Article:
So Carpenter plays off of that image of Russell that he helped cultivate, but now he throws him into this insane plot involving magic, assassins, gangs, etc.  Over halfway into the movie, Carpenter starts to make fun of Russell’s Jack Burton a little bit.  In one fight scene, Burton prepares to lead the charge into battle, but he fires a few gunshots above him into the ceiling, knocking loose a series of rocks that promptly hit him in the head, knocking him unconscious.  The rest of the battle takes place mostly while Burton lies on the ground.

There are several other moments like this which undercut Burton’s heroism.  In many cases he’s not so skilled as he is lucky.  We repeatedly see him get knocked on his ass or beaten up, though it’s not like the wounds show up on his body.  The point is really to make Burton come across as powerless, and that’s where the comedy shows up, and that’s where the movie starts to have a little more fun.

But did I miss something in the beginning?  The first half of the movie never felt fun while the second half did.  It’s like Carpenter directed the first half of the movie exclusively during the hours of 4 to 9 am, when everyone is sleepy and tired and still waking up.  Then it’s like he directed the second half of the film during the hours of 8 pm to 2 am, when everyone is loose, perhaps a little drunk and certainly a little loopy.  The tones of each half of the film just felt so different.

There is plenty of action in both halves of the film, though it never felt that entertaining or dramatic.  I never felt like the action was meant to be tense, but I have to imagine it intended to be fun and entertaining.  In a lot of 80s movies like this (I suppose it’s not just 80s movies), it often feels like you can really see and feel the paper mache quality of the film set.  Characters are thrown through walls and windows, which break away like cardboard.

And compare that to this…

I couldn’t find a perfect example, so I chose a scene from Raging Bull because it shows consequences to the violence.  When a character is hit, he bleeds or his eye swells.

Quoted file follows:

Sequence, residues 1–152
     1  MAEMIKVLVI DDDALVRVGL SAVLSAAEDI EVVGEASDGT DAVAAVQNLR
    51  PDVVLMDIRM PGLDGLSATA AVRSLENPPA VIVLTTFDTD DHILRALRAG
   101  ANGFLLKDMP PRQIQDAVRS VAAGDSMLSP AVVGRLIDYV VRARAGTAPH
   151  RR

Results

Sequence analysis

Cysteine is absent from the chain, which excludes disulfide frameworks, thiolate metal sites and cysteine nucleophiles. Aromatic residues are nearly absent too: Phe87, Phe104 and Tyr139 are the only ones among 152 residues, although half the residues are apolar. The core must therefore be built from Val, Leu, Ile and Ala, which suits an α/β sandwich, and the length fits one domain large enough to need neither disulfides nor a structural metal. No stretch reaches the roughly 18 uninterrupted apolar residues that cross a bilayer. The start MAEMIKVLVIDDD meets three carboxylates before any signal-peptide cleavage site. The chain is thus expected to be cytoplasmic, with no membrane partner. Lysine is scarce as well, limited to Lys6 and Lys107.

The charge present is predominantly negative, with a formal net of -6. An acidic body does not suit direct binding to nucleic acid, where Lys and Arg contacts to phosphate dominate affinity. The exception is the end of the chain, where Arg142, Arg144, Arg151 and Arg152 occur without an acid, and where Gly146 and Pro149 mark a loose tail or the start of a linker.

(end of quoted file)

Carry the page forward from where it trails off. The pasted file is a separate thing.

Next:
In Big Trouble in Little China, the fighting feels so choreographed (because it is), like a dance scene.  And sure, action is choreographed in movies like that, but it never felt as fun as it wanted to be, and it sure as hell didn’t feel dramatic or tense.

So the result is something of a lukewarm movie, at least for me.  It embraces its own absurdity halfway through the runtime, but there’s a lot of sitting and waiting for something to happen, and despite the ‘fun,’ nothing ever really does happen.

Still, maybe it’s good to watch movies like these to get a sense of what an 80s action star looked like and represented.  Jack Burton is a trucker, not exactly a glamorous job and one that is probably underrepresented in film, and he has a very fashionable, for the time, mullet.  This character must’ve appealed to a certain audience predominantly between the coasts, but he’s ultimately made to look like a fool for most of the second half of the film.  Does that mean anything?  I don’t know.  Maybe Carpenter had a point here, but if he wanted to deconstruct Kurt Russell’s movie persona, he must have been reacting against his own work since he helped create that persona (from what I can tell).  So maybe, just maybe, this is an exercise in building and taking down celebrity and showing the seams at the edge of the process.  Celebrity is a constructed concept, one we make and one we choose to glorify, so perhaps this is all a part of a performance art piece, kind of like how the Coen Brothers constantly make George Clooney play doofus characters in their films, turning him from this guy:

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…into these guys: